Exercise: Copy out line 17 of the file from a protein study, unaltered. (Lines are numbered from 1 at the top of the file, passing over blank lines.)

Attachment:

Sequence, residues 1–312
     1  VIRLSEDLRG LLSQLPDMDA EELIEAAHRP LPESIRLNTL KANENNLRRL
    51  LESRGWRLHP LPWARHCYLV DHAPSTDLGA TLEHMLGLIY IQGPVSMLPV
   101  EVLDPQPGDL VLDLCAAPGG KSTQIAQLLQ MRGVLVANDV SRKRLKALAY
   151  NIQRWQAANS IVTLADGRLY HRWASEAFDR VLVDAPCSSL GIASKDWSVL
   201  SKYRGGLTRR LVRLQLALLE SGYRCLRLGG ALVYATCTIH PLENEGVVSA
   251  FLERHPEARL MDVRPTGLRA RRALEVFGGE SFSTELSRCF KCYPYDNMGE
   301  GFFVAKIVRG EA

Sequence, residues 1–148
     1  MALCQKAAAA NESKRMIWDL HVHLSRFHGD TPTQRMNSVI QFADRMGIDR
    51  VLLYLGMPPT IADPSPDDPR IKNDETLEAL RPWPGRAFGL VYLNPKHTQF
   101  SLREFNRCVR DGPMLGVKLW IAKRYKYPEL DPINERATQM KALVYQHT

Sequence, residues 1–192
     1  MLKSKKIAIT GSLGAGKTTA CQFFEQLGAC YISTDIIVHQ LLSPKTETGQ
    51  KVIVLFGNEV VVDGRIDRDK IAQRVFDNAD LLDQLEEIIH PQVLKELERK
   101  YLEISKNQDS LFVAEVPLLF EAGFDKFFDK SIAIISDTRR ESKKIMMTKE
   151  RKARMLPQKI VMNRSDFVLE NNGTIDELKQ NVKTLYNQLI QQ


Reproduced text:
   151  RKARMLPQKI VMNRSDFVLE NNGTIDELKQ NVKTLYNQLI QQ